I used to loathe household chores. The thought of my parents telling me to do the dishes or take out the trash would cause me to feel instantly overwhelmed. Despite my mom’s instructions, my room as a kid went without being vacuumed for years and my closet was an avalanche waiting to happen.
My outlook on cleaning today is a different story because of two factors. The first is my job as a bartender downtown. Cleaning up after other people all day and night makes it just a littler easier to pick up after myself. The other factor is a recent move that is catapulting my buying habits into domestic realms.
Just as with any new habit, whether positive or negative, there is a need for money. It may be an unplanned purchase that results in healthy behaviors like a new water bottle, or it can be a chronic purchase that is influenced by an addiction like smoking. Whatever habit it may, none are immune to change, especially the habits that develop at early-adulthood.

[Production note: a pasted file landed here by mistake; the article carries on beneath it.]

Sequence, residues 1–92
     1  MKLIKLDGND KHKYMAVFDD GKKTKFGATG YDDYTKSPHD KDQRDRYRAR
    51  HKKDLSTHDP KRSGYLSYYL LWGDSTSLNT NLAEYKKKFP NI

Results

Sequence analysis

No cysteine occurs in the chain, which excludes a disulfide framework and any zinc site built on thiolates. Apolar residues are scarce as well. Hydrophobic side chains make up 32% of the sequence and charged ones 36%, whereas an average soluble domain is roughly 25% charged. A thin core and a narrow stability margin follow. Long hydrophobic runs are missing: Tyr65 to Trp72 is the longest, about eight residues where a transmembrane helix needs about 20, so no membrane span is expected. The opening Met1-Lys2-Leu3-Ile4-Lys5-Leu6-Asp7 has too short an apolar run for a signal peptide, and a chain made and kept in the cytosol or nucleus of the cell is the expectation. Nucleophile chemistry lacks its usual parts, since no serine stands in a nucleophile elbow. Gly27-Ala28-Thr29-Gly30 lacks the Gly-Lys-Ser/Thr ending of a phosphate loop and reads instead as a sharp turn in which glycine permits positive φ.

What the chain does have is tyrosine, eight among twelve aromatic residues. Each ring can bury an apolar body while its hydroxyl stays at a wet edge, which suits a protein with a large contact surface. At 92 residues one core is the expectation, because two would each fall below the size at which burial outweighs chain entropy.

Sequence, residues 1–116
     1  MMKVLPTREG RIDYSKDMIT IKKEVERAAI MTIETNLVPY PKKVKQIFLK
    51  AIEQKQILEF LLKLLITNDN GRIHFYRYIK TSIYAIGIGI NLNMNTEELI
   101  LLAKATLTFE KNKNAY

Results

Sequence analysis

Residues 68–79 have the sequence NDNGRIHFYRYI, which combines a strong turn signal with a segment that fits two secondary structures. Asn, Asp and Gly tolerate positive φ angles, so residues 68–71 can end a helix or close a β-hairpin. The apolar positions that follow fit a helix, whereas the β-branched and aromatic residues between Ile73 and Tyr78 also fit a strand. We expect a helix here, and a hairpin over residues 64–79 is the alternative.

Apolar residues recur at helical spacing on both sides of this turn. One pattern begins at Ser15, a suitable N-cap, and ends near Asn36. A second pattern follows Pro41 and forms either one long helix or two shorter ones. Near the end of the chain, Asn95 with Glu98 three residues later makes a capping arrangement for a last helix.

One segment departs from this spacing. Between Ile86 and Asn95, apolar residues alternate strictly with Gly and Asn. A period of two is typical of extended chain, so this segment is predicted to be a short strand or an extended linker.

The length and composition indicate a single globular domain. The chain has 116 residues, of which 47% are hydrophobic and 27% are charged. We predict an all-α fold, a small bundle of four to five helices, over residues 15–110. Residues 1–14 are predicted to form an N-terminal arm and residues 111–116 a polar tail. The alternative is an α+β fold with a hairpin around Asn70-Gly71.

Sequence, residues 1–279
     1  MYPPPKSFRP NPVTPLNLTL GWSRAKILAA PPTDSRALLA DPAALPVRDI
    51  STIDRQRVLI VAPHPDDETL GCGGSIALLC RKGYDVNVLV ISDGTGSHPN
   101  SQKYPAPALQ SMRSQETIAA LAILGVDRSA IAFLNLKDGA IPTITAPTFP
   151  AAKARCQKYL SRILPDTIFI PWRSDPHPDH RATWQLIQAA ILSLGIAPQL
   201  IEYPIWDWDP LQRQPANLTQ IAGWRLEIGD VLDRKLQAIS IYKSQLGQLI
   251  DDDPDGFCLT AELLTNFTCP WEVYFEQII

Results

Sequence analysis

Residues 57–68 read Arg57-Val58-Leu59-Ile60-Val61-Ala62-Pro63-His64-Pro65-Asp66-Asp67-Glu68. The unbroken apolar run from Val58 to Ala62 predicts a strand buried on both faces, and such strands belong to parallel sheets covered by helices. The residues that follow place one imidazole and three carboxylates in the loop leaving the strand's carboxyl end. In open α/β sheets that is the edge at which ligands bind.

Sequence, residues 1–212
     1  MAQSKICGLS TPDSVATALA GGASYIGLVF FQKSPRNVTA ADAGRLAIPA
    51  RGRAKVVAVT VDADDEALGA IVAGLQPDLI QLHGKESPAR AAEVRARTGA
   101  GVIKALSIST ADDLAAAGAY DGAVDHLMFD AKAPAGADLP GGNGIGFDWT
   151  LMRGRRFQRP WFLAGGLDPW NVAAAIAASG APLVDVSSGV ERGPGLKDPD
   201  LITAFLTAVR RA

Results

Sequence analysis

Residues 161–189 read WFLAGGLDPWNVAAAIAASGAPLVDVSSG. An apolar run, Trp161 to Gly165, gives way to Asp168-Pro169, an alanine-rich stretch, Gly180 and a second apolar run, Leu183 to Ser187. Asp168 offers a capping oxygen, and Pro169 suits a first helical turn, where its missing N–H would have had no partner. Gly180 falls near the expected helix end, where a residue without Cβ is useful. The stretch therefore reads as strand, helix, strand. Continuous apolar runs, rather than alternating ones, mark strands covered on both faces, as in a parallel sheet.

I remember vividly the first purchase that kickstarted my infatuation with shopping for clothes. It was with my sister at the mall in seventh grade. I was every advertiser’s dream; a young consumer with disposable money and the potential to engrain branding deeply within my development. My love for clothes is stronger than ever, but I have a growing amount of other responsibilities that balance out my checkbook in a more adult direction.
Instead of only worrying about the fun things in life, I have new things to budget for. To keep my positive habits moving in the right direction I need the necessary tools. Each new product I use and brand I explore represents a similar opportunity for corporations like my first clothes shopping experience. Except this time, efficiency and price rule over everything else.
Understanding how development influences purchasing habits could have a profound impact on the way people buy things. Adulthood doesn’t have to be boring. With the help of brands who understand the demographics they are appealing to, cleaning could become every young adult’s next passion.